HK success through discipline – but borders a challenge
27 May 2020: Hong Kong has had just over 1,000 COVID-19 cases of COVID-19 – and four deaths. Experience, transparency and diligence have all played their part. Opening the borders will be the challenge.
Peter Burnett is a senior Managing Director at Standard Chartered Bank in Hong Kong. He is also Chairman of the British Chamber of Commerce in Hong Kong. As a business leader, ICAEW member and Hong Kong resident, he has watched the Hong Kong Government tackle a situation that has, in itself, comprised some familiar elements.
Avian flu in 1997, SARS in 2003, swine flu in 2009 and now COVID-19 in 2020 have created a very disciplined environment in Hong Kong – both at work and domestically. This densely populated territory of 7.5 million residents could have been a breeding ground for COVID-19, he points out, but instead the numbers speak for themselves.
“It has been an amazing achievement,” he says. “The very low numbers are down to both the government and the people of Hong Kong. It is really about discipline.”
And this discipline will continue because face masks, hygiene, temperature-taking, quarantine and all the other measures that Hong Kong knows it has to take to battle a pandemic, are ingrained. “When the government says we should stay at home, we stay at home. And everyone wears a mask. It is built into our behaviour patterns,” Burnett says.
Transparency has also been high. “This is very welcome. It builds trust in the system and the people of Hong Kong have needed to see that,” says Burnett.
Something else that had immediate effect was border closure – and this was a difficult decision to take. Around 100,000 people a day travel between Hong Kong and China, let alone to the rest of the world. Closure will have created significant business interruption and yet it was imperative.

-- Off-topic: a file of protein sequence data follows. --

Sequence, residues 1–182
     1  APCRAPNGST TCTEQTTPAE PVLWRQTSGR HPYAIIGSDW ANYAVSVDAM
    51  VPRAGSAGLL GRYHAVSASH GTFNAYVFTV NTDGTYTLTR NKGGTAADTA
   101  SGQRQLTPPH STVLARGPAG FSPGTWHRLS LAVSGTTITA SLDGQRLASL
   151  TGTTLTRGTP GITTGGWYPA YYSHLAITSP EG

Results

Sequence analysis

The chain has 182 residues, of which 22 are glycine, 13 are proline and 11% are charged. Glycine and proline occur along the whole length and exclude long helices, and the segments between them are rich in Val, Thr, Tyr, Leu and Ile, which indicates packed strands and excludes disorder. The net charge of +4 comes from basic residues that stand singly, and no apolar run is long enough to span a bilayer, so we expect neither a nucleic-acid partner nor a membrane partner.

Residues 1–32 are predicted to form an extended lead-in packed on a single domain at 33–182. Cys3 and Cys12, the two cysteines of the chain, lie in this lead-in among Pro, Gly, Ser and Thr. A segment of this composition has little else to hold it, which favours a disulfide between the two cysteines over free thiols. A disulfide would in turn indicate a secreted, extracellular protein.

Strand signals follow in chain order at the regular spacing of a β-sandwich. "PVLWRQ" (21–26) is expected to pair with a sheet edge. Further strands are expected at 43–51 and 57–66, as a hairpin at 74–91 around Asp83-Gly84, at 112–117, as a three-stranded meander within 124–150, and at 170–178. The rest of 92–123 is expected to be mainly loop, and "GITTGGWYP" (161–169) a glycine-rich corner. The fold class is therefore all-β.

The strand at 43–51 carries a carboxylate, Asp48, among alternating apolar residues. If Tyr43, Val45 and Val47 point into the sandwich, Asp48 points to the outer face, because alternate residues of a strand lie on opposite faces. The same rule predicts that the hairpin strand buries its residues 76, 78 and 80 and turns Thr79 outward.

Operations at the airport have been scaled back, although cargo and trans-shipment operations have continued. The Hong Kong–Zhuhai–Macau Bridge, which has connected the three major cities on the Pearl River Delta since 2018, has been the subject of tighter border controls since the end of January. The effect has been to reduce passenger flow, contain the virus and help impose quarantine, testing and tracing.
These three measures – quarantine, testing and tracing – have had a massive role to play inside Hong Kong’s borders. The result? “We have not had a total lock-down,” says Burnett. “We have kept going.” There have been restrictions – in terms of social distancing – and some closures, but restaurants and shops have been open, and non-essential workers have worked from home. And it has worked.
There is a good reason that Hong Kong did not actually lock down: families often live in very small homes, rely on small local restaurants and travel on public transport. “We have to have measures in place such as masks and good hygiene so that the population can move around,” says Burnett.
But the success has essentially been locked inside the territory. Hong Kong has done a fabulous job of containing infection but is certainly not complacent. The question of how to re-open the borders and reconnect with the rest of the world is playing on everyone’s minds.
“We will probably open our borders with China and Macau first,” Burnett ventures, “and then there will be bubbles.” What form these bubbles will take is still being discussed.
The measures have inevitably taken their toll. “The aviation, retail and hospitality sectors have been hardest hit,” says Burnett. “Hong Kong needs visitors. We had 84 million tourists at its peak in 2018.” International business travellers, tourists, the trade show sector – they equate to a huge influx of visitors and the Hong Kong economy needs them back.
The Hong Kong COVID-19 economic relief measures have been similar to those put in place in the UK. Hong Kong is a wealthy economy and the government has been spending: personal grants, an employment support scheme, and loan guarantees.
Hong Kong, of course, is a global financial centre and, says Burnett, the finance sector has been doing OK. The capital markets and the commercial markets have continued to operate, albeit at lower volumes. The currency is still strong and so is liquidity.
Some new measures are taking shape – for example, businesses are installing screens in open-plan offices – but Hong Kong will survive the pandemic in much the same way as it has previous outbreaks. It will just be a little wiser.